26 of 32 people found the following review helpful
If you're serious about smaller government, read this book.,
This review is from: Nullification: How to Resist Federal Tyranny in the 21st Century (Hardcover)
There have been so many conservative and libertarian books complaining about how Congress has exceeded its constitutional powers and the federal government has grown far beyond what the Founding Fathers ever intended.
This one is different: It actually shows how we could do something about it.
First, Woods shows why the usual methods don't work. Electing new Senators and Representatives doesn't work because no matter what politicians promise, they always end up caving to special interests. Trying to get the Supreme Court to strike down unconstitutional laws doesn't work, either, because the judicial branch is part of the very federal government we want to restrain, and it's shown again and again that it won't respect the Constitution's (supposed) limits on federal power.
Next, Woods explains the alternative: nullification, whereby individual states can declare unconstitutional laws null and void and prevent their enforcement against the state's citizens.
Although that idea may be new to many readers (most civics teachers, historians, and law professors completely ignore it), Woods shows that it is not new at all. Thomas Jefferson, James Madison, and many others in the founding era thought nullification was essential to stop the federal government from growing out of control. And Woods shows how nullification has been used at various times in American history to attack oppressive federal laws, including the Alien and Sedition Acts and the Fugitive Slave Act.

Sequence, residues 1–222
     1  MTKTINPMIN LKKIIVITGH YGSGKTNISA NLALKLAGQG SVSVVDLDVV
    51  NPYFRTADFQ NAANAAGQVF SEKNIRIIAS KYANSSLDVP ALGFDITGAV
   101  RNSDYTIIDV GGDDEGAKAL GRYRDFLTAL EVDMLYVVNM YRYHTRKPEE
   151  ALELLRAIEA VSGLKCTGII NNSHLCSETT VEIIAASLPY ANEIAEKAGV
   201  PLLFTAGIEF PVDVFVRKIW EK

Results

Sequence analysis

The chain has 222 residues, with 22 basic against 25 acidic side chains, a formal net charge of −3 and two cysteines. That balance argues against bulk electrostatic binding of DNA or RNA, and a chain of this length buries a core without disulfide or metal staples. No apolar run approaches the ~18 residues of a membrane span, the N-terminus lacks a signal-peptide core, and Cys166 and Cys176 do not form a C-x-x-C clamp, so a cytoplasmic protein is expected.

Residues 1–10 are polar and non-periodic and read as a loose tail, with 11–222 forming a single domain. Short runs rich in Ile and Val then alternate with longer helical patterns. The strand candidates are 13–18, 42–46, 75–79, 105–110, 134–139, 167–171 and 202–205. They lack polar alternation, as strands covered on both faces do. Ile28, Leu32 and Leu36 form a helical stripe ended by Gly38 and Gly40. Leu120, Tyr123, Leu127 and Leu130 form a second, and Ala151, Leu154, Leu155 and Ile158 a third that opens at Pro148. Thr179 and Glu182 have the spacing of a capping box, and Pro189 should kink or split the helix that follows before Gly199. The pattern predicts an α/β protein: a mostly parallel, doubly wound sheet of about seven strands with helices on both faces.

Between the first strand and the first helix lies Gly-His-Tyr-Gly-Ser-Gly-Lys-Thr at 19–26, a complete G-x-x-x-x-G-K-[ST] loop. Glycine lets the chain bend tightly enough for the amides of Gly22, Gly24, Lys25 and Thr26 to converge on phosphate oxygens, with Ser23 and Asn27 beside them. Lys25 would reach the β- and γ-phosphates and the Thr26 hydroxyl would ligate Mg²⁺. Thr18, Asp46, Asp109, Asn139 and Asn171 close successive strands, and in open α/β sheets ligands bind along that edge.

Most importantly, Woods shows how nullification can work again today. Some states are already starting to revive it -- for example, California has said no to the federal government (even the Supreme Court!) on the issue of medical marijuana, and many states have said no to the federal REAL ID Act.
The numerous historical documents included with the book prove the importance of nullification in American history and provide additional ammunition you can use to make the case to others.
This isn't a dry work of history or legal theory, though. It's a manual for how we could shrink the federal government to something much closer to what the people who ratified the Constitution intended. That means Tea Partiers, libertarians, and anyone else who is serious about seeking real change -- instead of just playing the same old rigged political game -- should read this book.
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Initial post: Nov 17, 2010, 6:41:15 PM PST
Breck Breckenridge says:
I have thought for some while now that the federal government is simply too big. Government "of, by, and for the people" (one of Lincoln's better ideas) can only work when that government is small enough to be answerable to The People. States are just about the right size for this. The federal government has become a behemoth inserting its authority into every fact of our individual lives. That's just what it does. It can't help it! That's why the Founders set up the government the way they did. It isn't their fault that the Constitution isn't being followed for goodness' sake!
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